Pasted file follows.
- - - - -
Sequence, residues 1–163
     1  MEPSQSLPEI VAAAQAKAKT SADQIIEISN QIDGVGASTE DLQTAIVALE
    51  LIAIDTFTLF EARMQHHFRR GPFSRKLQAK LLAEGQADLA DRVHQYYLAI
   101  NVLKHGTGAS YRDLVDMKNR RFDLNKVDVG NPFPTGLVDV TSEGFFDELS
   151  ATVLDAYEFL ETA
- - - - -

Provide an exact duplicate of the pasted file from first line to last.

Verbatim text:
Sequence, residues 1–163
     1  MEPSQSLPEI VAAAQAKAKT SADQIIEISN QIDGVGASTE DLQTAIVALE
    51  LIAIDTFTLF EARMQHHFRR GPFSRKLQAK LLAEGQADLA DRVHQYYLAI
   101  NVLKHGTGAS YRDLVDMKNR RFDLNKVDVG NPFPTGLVDV TSEGFFDELS
   151  ATVLDAYEFL ETA